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A “smart” home features network-connected products – appliances, lighting, other electronics, and heating, ventilation and air conditioning, among other offerings – that can be automated remotely by a phone or computer. Smart home technology has opened the way for modern-day households filled with time-saving advantages activated at the press of a button – or in many cases, the sound of a voice.

Let’s look at some of the new, exciting ways to automate your bathroom and kitchen, starting with innovations in smart bathrooms:

Sinks. Kohler’s Sensate Faucet turns on and off via voice commands. Grohe, meanwhile, offers infrared sensor-operated taps, where water starts flowing when hands are placed over the sensor. Both of these technologies help reduce wasted water.

Mirrors. The Verdera Voice-Lighted Mirror uses Amazon’s Alexa technology to recognize verbal commands to, say, play music, broadcast the news or adjust the lighting. It also has a built-in motion-sensing night light.

Showers. U by Moen involves an Alexa-enabled smart shower system that controls the shower heads. Consumers can manage shower activity – turning on the shower, for instance, or controlling the temperature – with simple voice commands. Similarly, Crosswater’s Digital Shower has valves with flashing lights that change according to water temperature: red when heating, blue when cooling and white at the desired temperature.

Toilets. The compact, streamlined Kohler Smart Toilet boasts integrated cleaning; the stainless steel bidet wand offers adjustable functions. Otherwise, the Numi Intelligent Toilet, launching early this year, has a color display, heated seat, foot warmer, bidet and customized playlist.

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As with bathrooms, smart technology is now ringing improvements in even the most previously advanced kitchens. Kitchen appliances in general have been evolving and becoming smarter over time to adapt to modern lifestyles. Built-in cameras, machine-learning software, voice-powered devices, guided cooking systems and smart surfaces will be seen more and more in kitchen appliances, like these:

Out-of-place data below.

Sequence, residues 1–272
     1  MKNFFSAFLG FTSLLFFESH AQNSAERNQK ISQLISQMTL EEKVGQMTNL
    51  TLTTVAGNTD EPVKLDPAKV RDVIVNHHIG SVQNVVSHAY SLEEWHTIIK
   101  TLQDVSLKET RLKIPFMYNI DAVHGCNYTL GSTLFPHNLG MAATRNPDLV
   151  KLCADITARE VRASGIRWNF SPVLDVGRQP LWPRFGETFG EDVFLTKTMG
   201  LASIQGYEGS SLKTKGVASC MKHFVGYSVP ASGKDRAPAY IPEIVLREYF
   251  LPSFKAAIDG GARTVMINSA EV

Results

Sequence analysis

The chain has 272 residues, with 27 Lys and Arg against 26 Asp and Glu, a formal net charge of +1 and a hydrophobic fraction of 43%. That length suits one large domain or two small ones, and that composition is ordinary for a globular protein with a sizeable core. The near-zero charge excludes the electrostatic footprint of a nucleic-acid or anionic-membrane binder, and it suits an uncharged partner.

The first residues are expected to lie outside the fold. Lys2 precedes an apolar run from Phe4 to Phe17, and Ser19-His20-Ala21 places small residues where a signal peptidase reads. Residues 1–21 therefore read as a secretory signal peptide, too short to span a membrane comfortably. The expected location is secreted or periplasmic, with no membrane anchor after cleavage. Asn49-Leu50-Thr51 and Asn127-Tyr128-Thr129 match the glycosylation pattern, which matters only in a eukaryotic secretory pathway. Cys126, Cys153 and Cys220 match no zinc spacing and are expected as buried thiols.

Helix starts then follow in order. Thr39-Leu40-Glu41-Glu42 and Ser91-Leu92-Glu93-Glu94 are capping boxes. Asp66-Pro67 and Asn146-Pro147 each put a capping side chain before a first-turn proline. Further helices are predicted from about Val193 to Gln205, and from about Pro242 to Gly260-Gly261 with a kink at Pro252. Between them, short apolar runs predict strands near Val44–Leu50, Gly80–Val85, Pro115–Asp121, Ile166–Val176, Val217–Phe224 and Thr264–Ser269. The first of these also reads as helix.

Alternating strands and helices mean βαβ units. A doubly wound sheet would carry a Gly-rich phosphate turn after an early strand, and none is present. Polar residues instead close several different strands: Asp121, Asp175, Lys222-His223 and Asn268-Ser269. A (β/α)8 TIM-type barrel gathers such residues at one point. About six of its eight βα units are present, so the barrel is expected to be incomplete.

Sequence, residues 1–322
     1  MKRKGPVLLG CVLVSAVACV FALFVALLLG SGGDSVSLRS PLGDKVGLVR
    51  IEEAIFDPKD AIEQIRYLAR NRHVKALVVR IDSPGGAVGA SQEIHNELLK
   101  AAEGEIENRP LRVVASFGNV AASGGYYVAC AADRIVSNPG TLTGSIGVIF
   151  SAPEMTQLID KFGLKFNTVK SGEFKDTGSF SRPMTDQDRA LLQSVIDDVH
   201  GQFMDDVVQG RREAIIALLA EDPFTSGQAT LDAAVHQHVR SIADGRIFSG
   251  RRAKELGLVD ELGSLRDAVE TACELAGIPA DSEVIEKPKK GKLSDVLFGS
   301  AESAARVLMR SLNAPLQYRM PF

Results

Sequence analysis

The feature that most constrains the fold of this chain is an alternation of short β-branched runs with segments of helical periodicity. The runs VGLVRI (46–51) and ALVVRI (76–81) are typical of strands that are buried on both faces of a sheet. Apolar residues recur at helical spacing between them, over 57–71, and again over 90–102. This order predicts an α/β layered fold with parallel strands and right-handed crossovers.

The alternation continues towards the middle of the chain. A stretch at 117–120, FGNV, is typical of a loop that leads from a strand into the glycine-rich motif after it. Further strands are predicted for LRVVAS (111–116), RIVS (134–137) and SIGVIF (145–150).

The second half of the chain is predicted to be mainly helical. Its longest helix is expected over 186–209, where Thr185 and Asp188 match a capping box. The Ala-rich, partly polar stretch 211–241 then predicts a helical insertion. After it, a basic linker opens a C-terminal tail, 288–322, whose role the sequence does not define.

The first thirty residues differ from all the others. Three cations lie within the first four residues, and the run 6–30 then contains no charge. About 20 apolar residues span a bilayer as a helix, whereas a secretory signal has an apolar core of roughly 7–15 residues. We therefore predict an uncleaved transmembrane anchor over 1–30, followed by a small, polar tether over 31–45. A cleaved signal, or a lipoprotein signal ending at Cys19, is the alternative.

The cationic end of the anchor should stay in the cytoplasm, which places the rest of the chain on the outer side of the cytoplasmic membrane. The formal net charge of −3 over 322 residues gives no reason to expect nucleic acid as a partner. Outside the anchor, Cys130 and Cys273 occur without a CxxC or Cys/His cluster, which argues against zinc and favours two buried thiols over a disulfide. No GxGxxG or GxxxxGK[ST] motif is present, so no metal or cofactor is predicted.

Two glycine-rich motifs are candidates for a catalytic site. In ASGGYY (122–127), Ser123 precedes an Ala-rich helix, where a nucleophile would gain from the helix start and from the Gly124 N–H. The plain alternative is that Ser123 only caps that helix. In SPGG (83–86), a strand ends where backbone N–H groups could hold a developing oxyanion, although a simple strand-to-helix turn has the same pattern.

Refrigerators. Some smart refrigerators include a liquid-crystal display panel on the front with a menu of apps that function as command-control for family messages, shopping lists and live TV. Samsung’s Family Hub refrigerator even incorporates a camera that allows owners to view its contents while they’re visiting the supermarket and, thus, plan shopping on the fly.

Lighting. Philips Hue Light Strips warrant a special mention for their versatility. These long, multicolor light-emitting diode strips provide accent lighting. Homeowners can use them for under-cabinet lighting in a kitchen, and set them to display different colors at different times – bright white when cooking, say, and subdued hues at night.

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Other appliances. Among kitchen appliances in general, the GeniCan incorporates a scanner that attaches to an existing trash can or recycling bin, logs disposed-of items and updates the user’s shopping list accordingly; adding an item to a list entails only swiping the item’s bar code on GeniCan’s bar code reader. Also, when synced with an Amazon account, the GeniCan app can order items like paper towels and snacks.

Another exciting smart product, the Hello Egg ranks as the only voice-operated smart assistant with a display and personality designed specifically for the kitchen. Its top features include step-by-step voice-navigated recipe video tutorials, real-time prompts from a support team, streaming music, audio news feeds, weather forecasts, multiple voice-activated timers and reminders. It supervises a user’s pantry, organizes a shopping list and can even order grocery deliveries!

Rebecca Lay is the Marketing Director with Kirkwood remodeling and design firm Mosby Building Arts.